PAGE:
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Research Article

A Comparative Study to Analyze the Effect of Planter Fascia Stretch and Heel Pad with Moist Heat in the Patients of Planterfascitis

Komal Razzaq*, Umair Arif, Iqra Tahir, Touseef-ur-Rehman, Asima Liaqat, Kaiynat Shafique, and Hafiz Muhammad Almas Sabir

Corresponding Author: Komal Razzaq, Physiotherapist, Female OPD In charge, The University of Faisalabad, Canal Road, Faisal Town, Pakistan

Received: May 02, 2021 ;      Revised: June 27, 2021 ;      Accepted: June 30, 2021

Citation: Razzaq K, Arif U, Tahir I, ur-Rehman T, Liaqat A, et al. (2021) A Comparative Study to Analyze the Effect of Planter Fascia Stretch and Heel Pad with Moist Heat in the Patients of Planterfascitis. J Ageing Rehab Res, 1(1): 1-6.

Copyrights: ©2021 Razzaq K, Arif U, Tahir I, ur-Rehman T, Liaqat A, et al. This is an open-access article distributed under the terms of the Creative Commons Attribution License, which permits unrestricted use, distribution, and reproduction in any medium, provided the original author and source are credited.

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Abstract

Background: This study investigated the effect of planter fascia stretch and heel pad with moist heat in the patients of planterfascitis among subjects aged 20-40. Planter fascia is a thickened fibrous sheet of connective tissue which begins from medial tubercle on undersurface of calcaneus and fans out joining to the metatarsophalangeal joints plates to form longitudinal foot arch. Manual active stretching or passive stretching of planter fascia and Achilles’s tendon are effective treatment option for patient with planter fasciitis.

Aims and Objectives: objectives of this study were to see the effect of planter fascia stretch and heel pad with moist heat in the patients of planterfascitis.

Material and Methodology: This study was quasi experimental study. It took samples by convenient method from 80 subjects among Faisalabad private hospitals community. The study was completed in the duration of 3 months. Data was conducted through convenient sampling from Faisalabad private hospitals. This study explored the effect of planter fascia stretch and heel pad with moist heat on subjects aging 20-40 years old. Subjects were allocated to group A (n=40) and group B (n=40). Group A received treatment as planter fascia stretch and group B received treatment as heel pad with moist heat. Follow up were taken after 4 weeks in 3-month duration study.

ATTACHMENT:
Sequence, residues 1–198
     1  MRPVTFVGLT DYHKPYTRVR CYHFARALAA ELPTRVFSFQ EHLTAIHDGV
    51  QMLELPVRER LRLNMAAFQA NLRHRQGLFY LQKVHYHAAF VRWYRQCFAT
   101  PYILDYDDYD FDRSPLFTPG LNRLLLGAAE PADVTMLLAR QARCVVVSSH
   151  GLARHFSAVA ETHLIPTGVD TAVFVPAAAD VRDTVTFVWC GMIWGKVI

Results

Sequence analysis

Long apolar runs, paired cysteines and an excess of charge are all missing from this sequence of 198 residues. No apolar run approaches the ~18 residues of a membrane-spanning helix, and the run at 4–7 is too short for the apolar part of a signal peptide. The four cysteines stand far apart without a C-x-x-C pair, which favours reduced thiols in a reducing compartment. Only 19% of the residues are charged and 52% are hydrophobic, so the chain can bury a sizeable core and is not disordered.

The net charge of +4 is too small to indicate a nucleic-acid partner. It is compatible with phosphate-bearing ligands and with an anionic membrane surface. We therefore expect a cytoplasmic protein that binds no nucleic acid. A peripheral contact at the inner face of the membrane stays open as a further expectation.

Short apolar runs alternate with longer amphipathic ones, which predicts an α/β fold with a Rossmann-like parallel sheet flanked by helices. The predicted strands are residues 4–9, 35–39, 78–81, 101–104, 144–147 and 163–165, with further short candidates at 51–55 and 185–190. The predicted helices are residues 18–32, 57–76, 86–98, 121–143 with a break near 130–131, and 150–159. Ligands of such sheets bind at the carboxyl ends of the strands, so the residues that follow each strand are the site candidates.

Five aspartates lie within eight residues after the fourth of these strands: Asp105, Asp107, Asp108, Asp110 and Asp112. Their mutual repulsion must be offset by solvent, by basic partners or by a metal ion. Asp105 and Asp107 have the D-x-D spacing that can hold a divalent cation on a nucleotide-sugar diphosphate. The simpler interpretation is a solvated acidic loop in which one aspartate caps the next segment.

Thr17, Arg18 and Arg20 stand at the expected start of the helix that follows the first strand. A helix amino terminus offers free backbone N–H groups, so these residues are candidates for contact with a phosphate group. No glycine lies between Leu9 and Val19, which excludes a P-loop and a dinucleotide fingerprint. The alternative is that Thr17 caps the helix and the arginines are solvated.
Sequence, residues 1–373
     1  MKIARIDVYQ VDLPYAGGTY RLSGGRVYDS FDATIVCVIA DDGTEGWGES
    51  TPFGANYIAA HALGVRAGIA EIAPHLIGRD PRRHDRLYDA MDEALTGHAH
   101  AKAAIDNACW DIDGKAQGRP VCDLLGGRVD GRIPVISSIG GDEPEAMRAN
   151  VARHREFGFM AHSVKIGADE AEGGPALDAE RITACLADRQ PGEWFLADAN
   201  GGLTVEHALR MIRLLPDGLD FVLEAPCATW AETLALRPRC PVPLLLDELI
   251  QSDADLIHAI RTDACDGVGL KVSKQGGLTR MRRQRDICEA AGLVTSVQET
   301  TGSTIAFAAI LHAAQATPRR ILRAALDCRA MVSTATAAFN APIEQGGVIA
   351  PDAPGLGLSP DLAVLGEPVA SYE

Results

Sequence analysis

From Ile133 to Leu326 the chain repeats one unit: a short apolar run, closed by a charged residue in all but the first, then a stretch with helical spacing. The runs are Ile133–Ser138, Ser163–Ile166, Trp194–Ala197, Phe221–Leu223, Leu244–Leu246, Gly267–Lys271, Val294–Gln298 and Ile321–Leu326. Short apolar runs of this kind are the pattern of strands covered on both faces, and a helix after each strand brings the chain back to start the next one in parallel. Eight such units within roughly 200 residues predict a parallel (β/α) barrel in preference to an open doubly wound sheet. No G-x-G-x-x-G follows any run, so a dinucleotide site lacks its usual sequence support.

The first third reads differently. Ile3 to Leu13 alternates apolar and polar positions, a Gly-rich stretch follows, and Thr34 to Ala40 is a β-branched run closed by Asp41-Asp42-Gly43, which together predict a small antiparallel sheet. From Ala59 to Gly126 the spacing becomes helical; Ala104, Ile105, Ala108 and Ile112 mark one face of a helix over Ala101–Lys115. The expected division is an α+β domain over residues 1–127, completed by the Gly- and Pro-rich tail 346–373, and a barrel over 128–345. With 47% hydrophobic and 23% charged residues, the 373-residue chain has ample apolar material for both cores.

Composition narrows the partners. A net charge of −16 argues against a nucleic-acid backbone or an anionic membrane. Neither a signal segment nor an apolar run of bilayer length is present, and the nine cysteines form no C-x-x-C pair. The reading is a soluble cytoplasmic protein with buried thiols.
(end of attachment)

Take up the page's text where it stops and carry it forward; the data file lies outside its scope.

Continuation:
Results: Statistical Analysis Data were analyzed using SPSS version 23.0. Intragroup comparison of differences between pre and post intervention scores of FFI and FADI was analyzed using independent T Test.  The results were considered statistically significant if p values were less than 0.05.). No statistically significant difference was observed in pre intervention score between the groups on FADI (p = 0.211) and FFI (p = 0.365), but, statistically significant difference was observed between all the groups on post intervention score with respect to FADI (p=0.000) and FFI (p=.001) as analyzed by independent t test.

Conclusion: After applying the entire treatments and measuring pre and post value it conducted that planter fascia stretch has more significant effect on planterfascitis than heel pad with moist heat.

Keywords: Planterfascitis, Planter fascia stretch, Heel pad with moist heat

INTRODUCTION

Planter fascia is a thickened fibrous sheet of connective tissue which begins from medial tubercle on undersurface of calcaneus and fans out joining to the metatarsophalangeal joints plates to form longitudinal foot arch. Planter fasciitis is a degenerative syndrome of planter fascia due to repeated trauma as its origin on the calcaneus. Planter fasciitis is very significant cause of pain of heel on slightly inferior side. Discomfort and pain related with condition can have considerable effect on physical mobility. Etiology of planter fasciitis is multifactorial in nature. Increase in weight, anatomical changes improper foot wear, bad biomechanics, work related issues and over activities are major contributing factors in developing the condition of planter fasciitis [1].